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Businesses plan for eruption disruptions

Toyota, Terumo and other Japanese companies have made preparations in case of an eruption of Mount Fuji.

TOKYO -- Volcanic eruptions are a business risk in Asia, particularly in Indonesia, the Philippines and Japan. Many companies are racing to prepare for the potentially disruptive consequences.

     The key risks are loss of life and property damage. But in the modern world, there is another problem: serious disruptions to supply chains because of infrastructural paralysis.

     A thick accumulation of volcanic ash could hamper business operations for long periods of time. In Japan, a growing number of companies are taking steps to minimize the potential damage to their operations.


A series of eruptions in Southeast Asia since last year are a grim reminder of the grave risks volcanoes pose. Mount Kelud in Indonesia's province of East Java erupted Feb. 13, sending a huge plume of ash and sand into the sky. The volcano is located some 250km from Surabaya, Indonesia's second largest city. More than 200,000 residents fled their homes. Immediately after the eruption began, Java airports were shut down.

     The eruption blanketed surrounding areas with ash and gravel. It delivered a heavy blow to tobacco production, the mainstay business in the region, according to local media reports. Total damage to tobacco fields and processing facilities is estimated at 16 billion rupiah ($1.37 million).

     Another active Indonesian volcano, Mount Sinabung on the island of Sumatra, erupted Feb. 1. The blast killed 17.

     In the Philippines, Mount Mayon in Luzon erupted last May, leading to fatalities and injuries. Mayon has recently been erupting about once every five years, creating a constant state of anxiety. Another Luzon volcano, Mount Pinatubo, erupted in 1991, killing hundreds.

Be prepared     

Japanese companies are developing eruption disruption contingency plans.

     Kyocera's Kokubu plant in Kagoshima Prefecture is the maker's key electronic parts production facility in Japan. The plant is located between two of the most active volcanoes in Japan -- Mount Kirishima to the north and Sakurajima to the south.

     Kyocera has established basic guidelines for responding to volcanic disasters and keeping the plant running.

     The Japan Meteorological Agency maintains alerts for 31 volcanoes across the nation. Kyocera uses the agency's warning system to make decisions on whether to take actions at the Kokubu plant. When the agency raises the alert level for either of the nearby volcanoes to Level 4, which advises local residents to "prepare to evacuate," the company has a task force that prepares for the worst.

     The company also takes preventive measures based on its own judgment. Shinmoedake, one of several volcanic peaks in the Kirishima mountain range, erupted for the first time in 52 years on Jan. 26, 2011. Parts of the nearby national highways were closed, and ash fell on the manufacturing facilities of a Kyocera business partner.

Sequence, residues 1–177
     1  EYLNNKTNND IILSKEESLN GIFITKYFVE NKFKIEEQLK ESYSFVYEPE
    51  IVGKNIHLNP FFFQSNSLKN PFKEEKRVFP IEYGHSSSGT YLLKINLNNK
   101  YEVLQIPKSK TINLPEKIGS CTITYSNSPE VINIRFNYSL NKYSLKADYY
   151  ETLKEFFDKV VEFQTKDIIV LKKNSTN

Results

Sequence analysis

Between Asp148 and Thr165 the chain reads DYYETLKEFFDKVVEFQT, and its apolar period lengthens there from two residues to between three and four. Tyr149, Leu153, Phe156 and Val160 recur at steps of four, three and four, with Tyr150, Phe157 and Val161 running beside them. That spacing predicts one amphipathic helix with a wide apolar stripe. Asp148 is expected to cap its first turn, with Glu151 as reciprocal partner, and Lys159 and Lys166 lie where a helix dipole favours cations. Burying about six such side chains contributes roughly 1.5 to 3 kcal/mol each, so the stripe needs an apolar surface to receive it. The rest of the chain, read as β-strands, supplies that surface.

The Meteorological Agency had not raised the alert level for the volcano to Level 4, but Kyocera's headquarters decided to take emergency steps. The task force was up and running by the end of the day.

     This swift response was wise. Travel restrictions on local roads threatened to disrupt operations at the plant, but Kyocera had dispatched employees to help remove ash from the business partner's facilities so its own plant could operate normally. The materials department gathered information about conditions at suppliers, while the logistics department secured the means to ship and transport products. 

     The Kokubu plant on March 23 disbanded the emergency response task force, two months after the eruption, when traffic restrictions were lifted.

     A large-scale eruption also occurred last August at Sakurajima. The alert level for the volcano has been kept at Level 3, currently the highest for volcanoes in Japan, since 2010.

Fuji fears

Volcanic eruptions rarely impact the economy. But when they do, the effects are long lasting. That worries the inhabitants of Tokyo, which is on the edge of the impact zone of a Mount Fuji eruption.

     If the iconic mountain blows its top, a three-prefecture task force has a large-scale evacuation plan. Announced Feb.6, it is based on updated assumptions concerning Fuji, including a prediction of ash accumulation deeper than 30cm for huge swaths of land stretching to the middle of Kanagawa Prefecture near Tokyo. A major Fuji eruption would force of up to 470,000 people to flee.

     Companies that have key facilities in surrounding areas are bracing themselves. Toyota Motor's Higashi-Fuji Technical Center in Susono, Shizuoka Prefecture, develops technologies for next-generation vehicles and is located 20km from Fuji. The auto giant is working on a plan to temporarily relocate in the event of an eruption.

     Toyota's technical center at the plant in August began checking Fuji's peak daily to spot any warning signs. The checks are conducted at 7 a.m. and midnight. Buildings at the center have been re-inforced to withstand up to 50cm of ash.

     Catheter maker Terumo has decided to shift part of its production of catheters from its plant in Fujinomiya, Shizuoka Prefecture. The company, which controls 60-70% of the global market for the thin tubes used in medical treatments has built a new plant for the instrument in Yamaguchi Prefecture, that comes onstream in April.

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